Carbohydrates have been given a bad rap in recent years. We’re told that all fat is bad and we should eat carbs, but when that doesn’t work, it’s time to cut out the carbs and put butter in our coffee, right? Not quite.

The important things for fat loss are creating a calorie deficit (eating fewer calories than you burn over a given period) and doing some intense training to maintain muscle mass. This deficit is very possible to create with carbs on your side and moreover, reducing carbs makes it hard for your body to use it’s aerobic energy system, which is the one required to train hard enough for muscle maintenance and fat loss to occur. Foods containing carbohydrates are the ones most packed with fibre and water-soluble vitamins, like vitamins C and B12. They are important for thyroid function and sleep, and they are also some of the most satiating foods you can eat, cheap to buy and easy to prepare.

Here are my favourites…

White Potatoes

Sweet potatoes are really nutritious and taste amazing, but there’s just something about the humble spud, an excellent source of Vitamin C, potassium and manganese. They’re also incredibly versatile, which is what places them top of the pile. Boiled, roasted, ‘chipped’, mashed or cubed up and fried as a part of breakfast, there’s a ton of different ways to eat your spuds. They’ve even been found to be one of the most filling foods on the planet (more so even than protein sources) and when cooled they form a ‘resistant starch’.


Parsnips are for life, not just for Christmas. They’re packed with folate and thiamine, but they’re also an excellent source of a number of antioxidants, including falcarinol, panaxydiol and methyl-falcarindiol. They have almost an identical caloric load to white potatoes but a higher amount of fibre. They’re sweet too, so a very easy vegetable to give to children. Make them into oven chips and you’re on to a winner!

Jasmine Rice

If your prime interest is improving strength and/or performance, Jasmine rice is delicious, incredibly easy to digest (causing no gastric discomfort, bloating or gas and settling quickly, making it perfect for pre-workout meals), quick to cook and cheap to buy. If you are struggling to eat enough food to maintain your weight or even gain some during training, Jasmine rice is probably the easiest way to increase your carb intake without driving up your sugar intake.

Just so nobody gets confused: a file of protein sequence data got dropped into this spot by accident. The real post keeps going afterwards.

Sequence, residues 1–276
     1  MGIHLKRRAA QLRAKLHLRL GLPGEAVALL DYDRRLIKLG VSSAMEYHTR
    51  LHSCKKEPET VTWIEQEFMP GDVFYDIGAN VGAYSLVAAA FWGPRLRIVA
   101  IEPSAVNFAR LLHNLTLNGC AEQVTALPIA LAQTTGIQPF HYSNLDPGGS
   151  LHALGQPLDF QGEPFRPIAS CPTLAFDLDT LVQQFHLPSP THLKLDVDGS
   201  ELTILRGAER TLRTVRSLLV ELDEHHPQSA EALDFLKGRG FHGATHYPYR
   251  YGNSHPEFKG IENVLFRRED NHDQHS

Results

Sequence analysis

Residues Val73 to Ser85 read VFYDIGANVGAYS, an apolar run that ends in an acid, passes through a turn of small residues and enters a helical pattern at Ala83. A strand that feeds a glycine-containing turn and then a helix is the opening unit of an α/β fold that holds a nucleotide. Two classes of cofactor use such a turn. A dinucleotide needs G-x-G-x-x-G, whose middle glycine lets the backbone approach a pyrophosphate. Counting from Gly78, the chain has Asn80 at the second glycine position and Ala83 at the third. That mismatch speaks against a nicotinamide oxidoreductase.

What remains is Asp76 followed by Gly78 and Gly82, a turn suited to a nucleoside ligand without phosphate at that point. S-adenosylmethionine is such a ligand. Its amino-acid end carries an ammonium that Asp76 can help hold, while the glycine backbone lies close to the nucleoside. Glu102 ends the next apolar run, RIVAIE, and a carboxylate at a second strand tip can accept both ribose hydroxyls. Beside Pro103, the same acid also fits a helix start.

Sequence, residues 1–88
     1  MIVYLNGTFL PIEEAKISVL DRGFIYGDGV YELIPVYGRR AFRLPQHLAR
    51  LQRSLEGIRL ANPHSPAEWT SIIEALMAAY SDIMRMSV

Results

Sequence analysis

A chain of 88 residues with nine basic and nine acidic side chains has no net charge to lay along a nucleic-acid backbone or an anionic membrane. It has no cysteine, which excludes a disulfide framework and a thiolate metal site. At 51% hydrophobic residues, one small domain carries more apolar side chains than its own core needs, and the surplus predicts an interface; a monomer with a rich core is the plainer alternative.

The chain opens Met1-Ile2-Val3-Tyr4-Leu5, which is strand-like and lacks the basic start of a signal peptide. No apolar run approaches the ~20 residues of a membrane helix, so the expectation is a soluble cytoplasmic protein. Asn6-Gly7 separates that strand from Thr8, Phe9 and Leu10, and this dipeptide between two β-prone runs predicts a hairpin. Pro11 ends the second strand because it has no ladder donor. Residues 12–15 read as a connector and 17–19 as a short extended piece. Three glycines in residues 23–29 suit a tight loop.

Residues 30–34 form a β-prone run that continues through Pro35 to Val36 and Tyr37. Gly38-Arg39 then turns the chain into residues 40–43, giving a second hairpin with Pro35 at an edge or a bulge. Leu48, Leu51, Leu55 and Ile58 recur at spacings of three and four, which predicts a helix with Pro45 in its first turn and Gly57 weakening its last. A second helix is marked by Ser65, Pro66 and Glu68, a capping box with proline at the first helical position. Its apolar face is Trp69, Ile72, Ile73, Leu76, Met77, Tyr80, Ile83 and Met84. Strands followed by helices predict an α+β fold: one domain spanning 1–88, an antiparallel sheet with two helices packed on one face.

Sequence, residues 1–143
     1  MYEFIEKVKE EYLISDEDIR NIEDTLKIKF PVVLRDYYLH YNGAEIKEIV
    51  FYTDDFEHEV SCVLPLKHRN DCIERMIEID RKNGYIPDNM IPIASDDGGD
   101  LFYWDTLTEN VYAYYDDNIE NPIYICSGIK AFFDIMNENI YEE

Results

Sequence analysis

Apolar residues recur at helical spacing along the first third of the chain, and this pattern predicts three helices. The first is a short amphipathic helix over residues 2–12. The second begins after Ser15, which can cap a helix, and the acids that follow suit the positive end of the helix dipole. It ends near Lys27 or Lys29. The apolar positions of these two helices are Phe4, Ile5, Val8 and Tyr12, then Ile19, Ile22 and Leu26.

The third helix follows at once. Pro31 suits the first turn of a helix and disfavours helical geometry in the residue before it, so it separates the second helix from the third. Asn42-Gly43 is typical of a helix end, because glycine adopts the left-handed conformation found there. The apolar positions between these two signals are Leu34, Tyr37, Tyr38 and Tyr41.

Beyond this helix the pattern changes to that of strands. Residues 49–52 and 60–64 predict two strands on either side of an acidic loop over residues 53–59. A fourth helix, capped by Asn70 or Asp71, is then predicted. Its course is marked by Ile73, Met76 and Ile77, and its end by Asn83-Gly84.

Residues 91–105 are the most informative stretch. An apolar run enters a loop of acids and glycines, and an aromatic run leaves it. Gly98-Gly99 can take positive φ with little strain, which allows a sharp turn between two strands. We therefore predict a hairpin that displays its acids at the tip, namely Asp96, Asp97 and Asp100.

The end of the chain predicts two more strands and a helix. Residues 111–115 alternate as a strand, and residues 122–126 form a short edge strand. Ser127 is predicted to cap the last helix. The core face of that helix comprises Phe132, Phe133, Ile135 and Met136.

Oats have almost as much versatility as potatoes; you can make them hot or cold, sweet or savoury and add anything you like to create a meal that fits your needs. They can be made into a flour for use in pancakes, or smoothies, or baked into cookies or snack bars and are generally a commodity food item with a whole host of uses. They really shine when it comes to fibre, too, having the second highest amount on our list per 100g and more than any other grain. The fibre in oats is known as beta-glucan, which ferments in the stomach to produce short chain fatty acids. Your body uses these to improve your cholesterol levels.


Beans (such as black beans, kidney beans, pinto beans and cannellini beans) aren’t just a carb source, they are a really important protein source for anyone eating a diet low in animalbased protein. They are full of magnesium and zinc, both of which are vital for exercise recovery as well as hormonal regulation, and are the highest food in fibre on this list, calorie for calorie.

Serve them as a side, add them to soups, mash them into burger patties or serve them in tacos or blend into hummus.